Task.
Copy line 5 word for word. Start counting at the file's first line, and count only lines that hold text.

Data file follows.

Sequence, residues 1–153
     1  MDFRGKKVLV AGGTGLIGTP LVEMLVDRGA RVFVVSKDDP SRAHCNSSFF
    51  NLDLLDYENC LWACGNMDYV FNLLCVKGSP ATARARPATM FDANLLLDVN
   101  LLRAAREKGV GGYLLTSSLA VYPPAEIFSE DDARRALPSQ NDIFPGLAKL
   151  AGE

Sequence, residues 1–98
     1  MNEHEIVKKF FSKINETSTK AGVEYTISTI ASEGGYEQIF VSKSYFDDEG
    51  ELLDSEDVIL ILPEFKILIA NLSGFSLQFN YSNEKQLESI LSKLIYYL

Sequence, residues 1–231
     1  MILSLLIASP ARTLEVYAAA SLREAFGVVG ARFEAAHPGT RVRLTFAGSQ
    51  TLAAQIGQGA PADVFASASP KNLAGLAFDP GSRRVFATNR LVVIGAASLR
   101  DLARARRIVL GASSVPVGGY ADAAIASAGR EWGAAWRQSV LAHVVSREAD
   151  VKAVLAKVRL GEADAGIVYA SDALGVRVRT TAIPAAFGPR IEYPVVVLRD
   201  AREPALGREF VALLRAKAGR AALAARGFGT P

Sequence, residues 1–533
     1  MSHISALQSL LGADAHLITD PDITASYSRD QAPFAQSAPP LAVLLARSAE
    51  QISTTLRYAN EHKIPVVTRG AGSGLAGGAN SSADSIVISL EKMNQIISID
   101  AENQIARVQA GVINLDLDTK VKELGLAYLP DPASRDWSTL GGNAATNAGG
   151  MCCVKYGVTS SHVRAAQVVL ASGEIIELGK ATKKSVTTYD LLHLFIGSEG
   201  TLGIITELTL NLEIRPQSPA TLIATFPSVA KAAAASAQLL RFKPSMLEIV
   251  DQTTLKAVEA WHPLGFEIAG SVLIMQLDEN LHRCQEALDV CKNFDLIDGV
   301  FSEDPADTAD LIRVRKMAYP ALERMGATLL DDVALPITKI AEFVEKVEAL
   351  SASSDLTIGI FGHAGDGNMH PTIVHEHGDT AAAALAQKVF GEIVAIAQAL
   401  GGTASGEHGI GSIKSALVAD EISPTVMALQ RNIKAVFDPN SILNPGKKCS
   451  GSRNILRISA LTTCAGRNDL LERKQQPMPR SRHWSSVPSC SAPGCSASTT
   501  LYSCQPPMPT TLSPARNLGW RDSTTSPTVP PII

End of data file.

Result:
   151  AGE